Saturday, August 11, 2012

A Tale from the Land of Potty Trainng

I want to tell you about a recent incident relating to our state in life---that is to say, the state of  potty training.

Now, I apologize if this post is indelicate (I see my mother cringing at the mere title), but bodily functions (and cleaning up after bodily functions) are very much at the forefront of my mind. And since potty training turns out to be something of a Big Project, it earns a bit of space on this blog.

{Now switching to the the present tense in the interest of drama.}

It is early evening. I am working on dinner. 

Maria asks to sit on her potty. (Good)

I help her get situated on her little blue potty chair and leave her to do her business. While I am out of the room, she successfully makes a #1 and a #2 in the potty. (Very good!)

(Here's where I use some imagination.) 

Flushed with success, moved by a spirit of independence and self-sufficiency, Maria decides to empty the potty all by herself, without notifying her mother.   (Maybe good?)

Alas, the potty is not in the bathroom with the working toilet! A full potty is an awkward load for a three year old.  Maria knows that mum will not be pleased with a spill.  She hatches a plan. Rather than carry it through the hall and into the neighboring bathroom, Maria opts (perhaps sensibly) to tip it into the nearest thing resembling a toilet. 

What is that thing? 

 Our non-functioning bidet, of course!

Here is Louisa, using the bidet for musical purposes.  Have no fear.  It is clean in this picture.

Seeing the story in black and white, I realize it's probably not funny for most people. For me, the humor rests largely on two point. First, we have a bidet--teehee! Second, on Bad Days, this bidet is a kind of metaphor for those aspects of life in France that confound us. Dealing with the French bureaucratic social state comes to mind.* The bidet is also a metaphor for the vague, inflated expectations that people have about what it's like to live abroad in a beautiful country; expectations that through some kind of movie magic, the country will make you happier, thinner, more stylish, and provide you with a store of anecdotes involving colorful characters who have "joie de vivre" or  a certain "je ne sais quoi."**

Like the social system and the feel-good travel movie narrative, the bidet promises much. It will wash away your accumulated effluvium in an exhilarating, hygenic whirl, leaving you cleansed and ready for the next Big Thing.

But in reality...the bidet goes unused. We're told that if we turn it on, it will flood the bathroom. It stands, gathering dust and catching drips from the wash clothes that hang from the rack above--the wash clothes that actually do, with a bit of elbow grease, get things clean.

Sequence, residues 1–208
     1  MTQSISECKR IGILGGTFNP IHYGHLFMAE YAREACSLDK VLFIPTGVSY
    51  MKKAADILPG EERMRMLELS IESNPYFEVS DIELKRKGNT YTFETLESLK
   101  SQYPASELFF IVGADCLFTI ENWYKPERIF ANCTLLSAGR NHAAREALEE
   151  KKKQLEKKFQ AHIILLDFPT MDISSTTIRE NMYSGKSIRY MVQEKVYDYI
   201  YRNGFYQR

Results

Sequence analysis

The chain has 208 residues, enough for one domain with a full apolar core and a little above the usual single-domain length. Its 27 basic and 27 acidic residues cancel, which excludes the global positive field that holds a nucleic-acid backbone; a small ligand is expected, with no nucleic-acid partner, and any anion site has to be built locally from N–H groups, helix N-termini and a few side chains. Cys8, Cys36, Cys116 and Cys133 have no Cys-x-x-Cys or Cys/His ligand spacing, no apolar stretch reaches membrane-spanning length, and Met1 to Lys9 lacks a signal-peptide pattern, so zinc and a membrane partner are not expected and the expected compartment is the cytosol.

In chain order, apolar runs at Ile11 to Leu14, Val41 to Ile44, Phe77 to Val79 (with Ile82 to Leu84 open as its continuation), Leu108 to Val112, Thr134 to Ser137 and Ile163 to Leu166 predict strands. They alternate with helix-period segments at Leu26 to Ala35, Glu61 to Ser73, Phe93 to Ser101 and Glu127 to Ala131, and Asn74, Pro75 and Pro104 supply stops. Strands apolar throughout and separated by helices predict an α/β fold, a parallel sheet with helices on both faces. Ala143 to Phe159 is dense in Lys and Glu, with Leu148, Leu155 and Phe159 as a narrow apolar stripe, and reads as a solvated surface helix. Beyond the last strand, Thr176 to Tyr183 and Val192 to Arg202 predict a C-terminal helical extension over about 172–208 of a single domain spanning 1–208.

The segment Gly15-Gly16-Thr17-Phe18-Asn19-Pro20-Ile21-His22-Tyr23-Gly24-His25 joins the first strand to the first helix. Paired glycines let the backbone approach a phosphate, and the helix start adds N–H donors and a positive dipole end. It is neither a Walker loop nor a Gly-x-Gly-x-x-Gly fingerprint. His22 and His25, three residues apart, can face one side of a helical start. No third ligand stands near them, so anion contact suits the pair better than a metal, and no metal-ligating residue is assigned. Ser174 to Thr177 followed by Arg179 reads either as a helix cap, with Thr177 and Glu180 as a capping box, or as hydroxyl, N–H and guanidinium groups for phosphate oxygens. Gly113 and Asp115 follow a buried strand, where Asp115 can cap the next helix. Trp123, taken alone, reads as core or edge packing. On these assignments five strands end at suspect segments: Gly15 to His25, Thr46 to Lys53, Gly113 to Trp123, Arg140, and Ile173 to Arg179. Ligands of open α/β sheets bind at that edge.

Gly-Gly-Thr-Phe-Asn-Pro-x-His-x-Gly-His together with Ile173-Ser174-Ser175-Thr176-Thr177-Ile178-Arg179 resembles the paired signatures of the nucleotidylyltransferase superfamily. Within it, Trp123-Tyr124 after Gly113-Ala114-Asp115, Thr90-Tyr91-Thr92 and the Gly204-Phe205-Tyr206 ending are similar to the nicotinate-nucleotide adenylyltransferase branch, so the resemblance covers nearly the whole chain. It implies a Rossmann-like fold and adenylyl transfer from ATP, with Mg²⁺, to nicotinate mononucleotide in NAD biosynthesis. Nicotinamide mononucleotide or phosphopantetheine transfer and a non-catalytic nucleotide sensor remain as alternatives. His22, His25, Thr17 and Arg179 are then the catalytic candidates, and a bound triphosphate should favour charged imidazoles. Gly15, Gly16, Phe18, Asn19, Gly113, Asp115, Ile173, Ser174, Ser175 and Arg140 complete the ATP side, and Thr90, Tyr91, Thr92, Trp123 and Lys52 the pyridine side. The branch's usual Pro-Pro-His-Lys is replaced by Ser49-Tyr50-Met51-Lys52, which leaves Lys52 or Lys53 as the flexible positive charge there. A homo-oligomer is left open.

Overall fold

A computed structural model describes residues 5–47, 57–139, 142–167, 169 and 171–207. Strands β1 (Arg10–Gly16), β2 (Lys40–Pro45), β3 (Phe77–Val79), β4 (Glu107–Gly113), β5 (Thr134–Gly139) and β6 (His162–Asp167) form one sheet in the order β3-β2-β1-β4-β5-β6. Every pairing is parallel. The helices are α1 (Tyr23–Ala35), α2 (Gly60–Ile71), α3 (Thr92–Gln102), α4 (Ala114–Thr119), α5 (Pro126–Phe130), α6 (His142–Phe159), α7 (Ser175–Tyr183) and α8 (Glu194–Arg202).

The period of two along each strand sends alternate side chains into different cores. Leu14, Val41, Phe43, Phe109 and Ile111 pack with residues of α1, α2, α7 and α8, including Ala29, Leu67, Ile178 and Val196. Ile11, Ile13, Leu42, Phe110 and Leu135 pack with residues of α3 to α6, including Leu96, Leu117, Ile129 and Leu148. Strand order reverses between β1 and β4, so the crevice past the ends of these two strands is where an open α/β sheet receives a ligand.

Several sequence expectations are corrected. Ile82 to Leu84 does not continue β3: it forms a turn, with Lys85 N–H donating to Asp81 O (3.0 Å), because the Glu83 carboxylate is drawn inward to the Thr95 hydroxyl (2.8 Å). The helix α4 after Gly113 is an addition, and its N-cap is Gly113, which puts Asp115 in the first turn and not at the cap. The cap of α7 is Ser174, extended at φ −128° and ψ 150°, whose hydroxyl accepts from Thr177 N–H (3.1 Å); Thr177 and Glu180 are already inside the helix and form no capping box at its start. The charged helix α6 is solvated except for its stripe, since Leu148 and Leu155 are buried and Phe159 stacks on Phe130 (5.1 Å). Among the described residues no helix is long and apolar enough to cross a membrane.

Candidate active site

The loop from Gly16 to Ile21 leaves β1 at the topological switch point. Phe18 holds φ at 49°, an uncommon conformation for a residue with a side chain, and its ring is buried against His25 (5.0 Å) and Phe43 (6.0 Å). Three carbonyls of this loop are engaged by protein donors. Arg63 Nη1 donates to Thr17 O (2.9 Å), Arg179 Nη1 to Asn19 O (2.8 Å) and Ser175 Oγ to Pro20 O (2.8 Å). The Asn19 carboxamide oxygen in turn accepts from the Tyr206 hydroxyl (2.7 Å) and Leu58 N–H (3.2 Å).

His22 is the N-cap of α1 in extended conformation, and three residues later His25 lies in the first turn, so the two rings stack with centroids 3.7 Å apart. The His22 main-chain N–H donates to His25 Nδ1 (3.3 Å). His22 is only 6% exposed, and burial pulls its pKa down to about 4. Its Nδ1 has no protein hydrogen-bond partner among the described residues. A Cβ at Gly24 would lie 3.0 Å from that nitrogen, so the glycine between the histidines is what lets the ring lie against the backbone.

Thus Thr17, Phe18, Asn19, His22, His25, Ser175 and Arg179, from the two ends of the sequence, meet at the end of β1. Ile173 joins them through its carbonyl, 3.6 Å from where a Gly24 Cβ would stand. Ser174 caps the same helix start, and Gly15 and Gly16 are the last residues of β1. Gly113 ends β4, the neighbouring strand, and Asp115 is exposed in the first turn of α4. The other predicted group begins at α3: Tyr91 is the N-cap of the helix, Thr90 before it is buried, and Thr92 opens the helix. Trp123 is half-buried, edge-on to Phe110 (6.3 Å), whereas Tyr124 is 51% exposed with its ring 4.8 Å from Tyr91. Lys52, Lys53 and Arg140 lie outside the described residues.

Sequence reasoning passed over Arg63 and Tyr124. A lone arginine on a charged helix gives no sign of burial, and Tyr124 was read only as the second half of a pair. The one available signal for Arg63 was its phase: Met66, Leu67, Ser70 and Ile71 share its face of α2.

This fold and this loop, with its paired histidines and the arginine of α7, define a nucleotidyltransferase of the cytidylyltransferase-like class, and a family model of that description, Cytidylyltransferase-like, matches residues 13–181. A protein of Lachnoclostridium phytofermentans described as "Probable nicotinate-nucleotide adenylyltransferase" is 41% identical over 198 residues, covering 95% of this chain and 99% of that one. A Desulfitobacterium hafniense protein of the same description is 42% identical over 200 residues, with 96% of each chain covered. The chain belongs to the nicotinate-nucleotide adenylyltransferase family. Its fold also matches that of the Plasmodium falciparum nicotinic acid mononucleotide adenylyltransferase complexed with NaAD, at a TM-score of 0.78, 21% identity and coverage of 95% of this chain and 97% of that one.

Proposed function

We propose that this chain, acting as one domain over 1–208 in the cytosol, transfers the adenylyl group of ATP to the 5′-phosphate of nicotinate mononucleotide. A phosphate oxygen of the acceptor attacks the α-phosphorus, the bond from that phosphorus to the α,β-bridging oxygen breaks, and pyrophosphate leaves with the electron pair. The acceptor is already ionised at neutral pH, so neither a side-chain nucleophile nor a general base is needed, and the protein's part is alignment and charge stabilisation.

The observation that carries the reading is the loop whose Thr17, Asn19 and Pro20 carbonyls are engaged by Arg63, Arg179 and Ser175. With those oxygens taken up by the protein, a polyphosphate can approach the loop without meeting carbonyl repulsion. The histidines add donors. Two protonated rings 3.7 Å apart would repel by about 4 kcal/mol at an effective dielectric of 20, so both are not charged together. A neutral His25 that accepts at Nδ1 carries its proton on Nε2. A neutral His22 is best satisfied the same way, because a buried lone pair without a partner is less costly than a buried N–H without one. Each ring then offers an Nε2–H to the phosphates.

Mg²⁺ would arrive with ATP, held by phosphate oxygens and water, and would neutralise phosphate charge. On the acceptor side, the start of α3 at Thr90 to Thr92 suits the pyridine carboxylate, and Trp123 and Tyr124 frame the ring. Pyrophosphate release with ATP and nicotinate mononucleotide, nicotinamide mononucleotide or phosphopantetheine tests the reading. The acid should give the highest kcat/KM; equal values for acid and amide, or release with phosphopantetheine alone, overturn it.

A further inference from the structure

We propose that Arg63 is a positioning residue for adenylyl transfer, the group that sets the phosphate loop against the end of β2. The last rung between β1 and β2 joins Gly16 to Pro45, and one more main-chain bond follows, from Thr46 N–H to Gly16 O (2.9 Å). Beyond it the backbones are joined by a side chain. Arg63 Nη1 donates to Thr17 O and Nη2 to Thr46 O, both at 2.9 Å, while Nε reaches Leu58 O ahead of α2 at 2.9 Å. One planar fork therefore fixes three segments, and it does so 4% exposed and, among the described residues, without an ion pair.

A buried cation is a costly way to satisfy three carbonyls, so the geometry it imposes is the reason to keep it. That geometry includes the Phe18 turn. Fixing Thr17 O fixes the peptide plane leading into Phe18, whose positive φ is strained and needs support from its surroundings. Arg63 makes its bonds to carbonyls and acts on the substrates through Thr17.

So, to me, Maria dumping her potty into this bidet is not only funny, but rather gratifying. After all, in the clean, unfettered eye of youth, it just looks like a toilet.

Sorry, I'm sure the French government is, in many respects, much more functional than our non-functioning bidet. It's just that we haven't yet seen those 300 Euro a month family aid payments and are beginning to lose hope....

Actually, to be honest, Donnie has lost weight, and I'm back down to pre-pregnancy weight. And truely, we do have friends with "joie de vivre" and/or a certain "je ne sais quoi" These are the Bad Days I'm talking about...


  1. This is a great story in so many ways!

  2. Hi, I went to high school with Donnie. I stumbled upon your blog and I have to say, I've been enjoying reading your expat adventures. You really manage to capture something of the essence of the adventure of living abroad when you write.

    I'm an expat too and I know the feeling... ok, not with the poo bit exactly, but the living abroad and the French administration, and so on. The first time I lived in France I think I only got my medical card about a week before I was supposed to leave. Take heart these things do come eventually! My friends moved from Belgium (where I now live with my husband) to France and it was about 9 months before the allocation familial started to arrive. Anyway, If you ever want to visit Brussels, you'd be more than welcome to stay with us. I love showing people my adopted city. In the meantime, keep up the posts - they're great!

    1. Hey Jessi,

      Thank you so much for writing! How cool that your stumbled upon the blog. I've been enjoying your posts over at Doctorate Houswife! (I also think that's a great name for a blog :)

      We'll definitely let you know if we come to Brussels. We'd love to meet up!

    2. Thanks! When I was finishing my doctorate, I was trying to figure out what to do next and my husband (Daniel) joked that I could become a "doctorate housewife" (Desperate Housewives was really popular on Belgian tv at the time). It tickled my funny bone. So when I started the blog, I knew exactly what to call it. Do let me know if you find your way to Brussels =)

  3. I love how you see the depth in life Julia, what some parents might see as a horrible/hilarious situation, you find gratifying...and probably a bit horrible/hilarious. Much love to you my dear!

  4. Hahahaha I love this! I'll definitely think about these metaphorical implications next time I see a bidet. :)

    And that photo of Louisa is adorable!